It's Jane's neurosis about leaving her kitchen that draws the other characters to her, including Ronald Brewster-Wright, magnificently played with true aristocratic nonchalance by John Davies. Ronald acts as bored as he is boring, reading the warranty instructions for Hopcroft's washing machine with the same feigned enthusiasm he has for the rest of life. Despite his social graces, Ronald has no sense of himself and no clue as to why his wives--past and present--find him so unbearable. We get our first hint early on, as current wife, Marion, enters the kitchen, her gin glass as empty as her life. Her condescension toward her hosts, whom she believes are beneath her, gets vented in her sardonic compliments about their kitchen appliances. Despite this veneer of mockery, Rebecca Graham does a remarkable job keeping Marion charming and graceful; this can be credited to Graham's stage presence, which is so lively and luminous she often pulls focus from the other actors.
Couple No. 3--Geoffrey and Eva Jackson--are coping with their own brand of misery: Geoffrey (John Athas) is a shameless albeit debonair philanderer who shows little compunction about savaging the feelings of his emotionally overwrought wife, Eva (Laurel Whitsett). Her kitchen is much like her life: a mess. She and Geoffrey are expecting guests for Christmas (it's Act 2 and a year later), but that won't prevent her from finishing her suicide note. Geoffrey has decided to leave her for another woman--and seeks to be quite civil about it. When the Hopcrofts and the Brewster-Wrights arrive, they mistake Eva's despondency for a neglected kitchen. They go about cleaning her oven, plumbing her sink and fixing her lights while a drugged and drunk Eva makes one unsuccessful (and laughable) suicide attempt after another--never uttering a word in the process. Whitsett's speaking parts in the play pale compared to this hilarious pantomime, which threatens to steal the show.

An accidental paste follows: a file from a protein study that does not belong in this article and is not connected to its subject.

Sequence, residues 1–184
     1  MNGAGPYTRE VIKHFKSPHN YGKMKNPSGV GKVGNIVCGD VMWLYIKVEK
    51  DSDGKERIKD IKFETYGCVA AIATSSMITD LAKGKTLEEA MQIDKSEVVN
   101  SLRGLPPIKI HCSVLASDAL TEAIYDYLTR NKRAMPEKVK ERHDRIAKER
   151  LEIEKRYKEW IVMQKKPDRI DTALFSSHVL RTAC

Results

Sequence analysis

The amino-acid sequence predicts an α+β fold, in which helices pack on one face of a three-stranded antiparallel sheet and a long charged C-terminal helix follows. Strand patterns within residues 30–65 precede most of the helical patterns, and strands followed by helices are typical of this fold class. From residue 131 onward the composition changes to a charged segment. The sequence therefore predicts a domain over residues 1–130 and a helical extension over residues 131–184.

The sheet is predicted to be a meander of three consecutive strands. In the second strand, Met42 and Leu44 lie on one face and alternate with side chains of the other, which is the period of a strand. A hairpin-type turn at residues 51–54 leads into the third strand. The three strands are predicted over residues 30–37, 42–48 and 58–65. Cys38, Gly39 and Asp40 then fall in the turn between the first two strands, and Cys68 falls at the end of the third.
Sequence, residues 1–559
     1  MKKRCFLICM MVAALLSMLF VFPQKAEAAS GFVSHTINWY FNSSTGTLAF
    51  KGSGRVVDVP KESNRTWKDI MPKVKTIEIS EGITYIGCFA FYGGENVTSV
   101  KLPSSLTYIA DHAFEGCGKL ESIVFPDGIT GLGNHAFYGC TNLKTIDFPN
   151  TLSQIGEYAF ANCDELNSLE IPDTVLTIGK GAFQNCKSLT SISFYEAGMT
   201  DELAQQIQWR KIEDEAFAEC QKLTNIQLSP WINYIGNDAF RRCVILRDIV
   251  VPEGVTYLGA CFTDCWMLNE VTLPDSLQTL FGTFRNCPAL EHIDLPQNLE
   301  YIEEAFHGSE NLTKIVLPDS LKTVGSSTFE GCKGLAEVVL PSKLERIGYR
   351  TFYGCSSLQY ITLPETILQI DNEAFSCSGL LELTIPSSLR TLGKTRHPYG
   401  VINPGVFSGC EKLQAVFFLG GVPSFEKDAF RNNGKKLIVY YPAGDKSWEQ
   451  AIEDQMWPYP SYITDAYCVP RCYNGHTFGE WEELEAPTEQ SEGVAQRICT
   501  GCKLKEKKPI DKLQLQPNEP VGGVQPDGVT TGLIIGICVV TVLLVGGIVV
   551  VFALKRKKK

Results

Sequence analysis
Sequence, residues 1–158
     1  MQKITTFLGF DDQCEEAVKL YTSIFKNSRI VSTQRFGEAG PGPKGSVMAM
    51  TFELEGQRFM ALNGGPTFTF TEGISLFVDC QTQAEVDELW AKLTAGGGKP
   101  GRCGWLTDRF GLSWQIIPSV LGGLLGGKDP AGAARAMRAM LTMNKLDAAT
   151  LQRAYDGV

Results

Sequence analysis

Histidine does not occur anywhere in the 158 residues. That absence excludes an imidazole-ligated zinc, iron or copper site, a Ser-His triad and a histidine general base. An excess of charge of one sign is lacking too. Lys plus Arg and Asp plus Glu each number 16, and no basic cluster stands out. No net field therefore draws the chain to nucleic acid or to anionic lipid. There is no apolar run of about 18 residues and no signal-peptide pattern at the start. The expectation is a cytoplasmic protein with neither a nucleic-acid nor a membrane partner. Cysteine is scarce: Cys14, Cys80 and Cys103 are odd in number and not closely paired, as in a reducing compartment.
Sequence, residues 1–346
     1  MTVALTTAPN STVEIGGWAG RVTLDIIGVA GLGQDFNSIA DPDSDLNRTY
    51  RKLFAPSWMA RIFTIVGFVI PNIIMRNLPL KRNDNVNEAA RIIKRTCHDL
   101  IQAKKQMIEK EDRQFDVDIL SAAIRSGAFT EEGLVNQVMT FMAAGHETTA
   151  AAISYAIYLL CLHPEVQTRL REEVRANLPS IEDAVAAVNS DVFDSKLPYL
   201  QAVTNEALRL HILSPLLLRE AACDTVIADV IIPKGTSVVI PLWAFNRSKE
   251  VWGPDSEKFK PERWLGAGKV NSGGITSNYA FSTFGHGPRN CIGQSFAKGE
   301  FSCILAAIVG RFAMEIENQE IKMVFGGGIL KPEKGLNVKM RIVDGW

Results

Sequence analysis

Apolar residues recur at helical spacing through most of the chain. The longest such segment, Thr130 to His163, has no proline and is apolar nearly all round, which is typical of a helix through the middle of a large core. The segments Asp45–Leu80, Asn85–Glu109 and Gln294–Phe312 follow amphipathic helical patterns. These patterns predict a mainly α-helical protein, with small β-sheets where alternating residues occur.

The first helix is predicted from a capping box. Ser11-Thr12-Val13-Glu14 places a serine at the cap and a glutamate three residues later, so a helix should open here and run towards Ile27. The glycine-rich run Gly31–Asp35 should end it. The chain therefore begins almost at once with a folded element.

Scene 3 changes locales to the richer digs of the Brewster-Wrights, whose kitchen has more conveniences and less soul. Here is where Ayckbourn completes his emotional transactions, as we see the rise of the Hopcrofts, the demise of the Brewster-Wrights and the Jacksons just trying to hold their ground. Yes, Ayckbourn is writing about the balance of power in marital relationships, how it shifts between spouses when a crisis breaches confidence. Yes, he is writing about the ability of money to buy social standing, but not social grace. Yes, he is writing about how marriage murders individuality, particularly when one spouse dominates the other to the point of abuse. And his dialogue is crisp, his repartee clever, his farcical situations humorous. But none of this feels exactly fresh or refreshing. If not for the superb cast, tautly directed by veteran Niki Flacks, it is doubtful the play would be as entertaining as it is. Absurd Person Singular is early Ayckbourn (he has written 60 plays), but that doesn't excuse characters who are drawn too flat and seem more representational than real. And while broadness is good for humor, it makes the work seem slight and insignificant.
Which is, of course, what makes it such appealing holiday fare.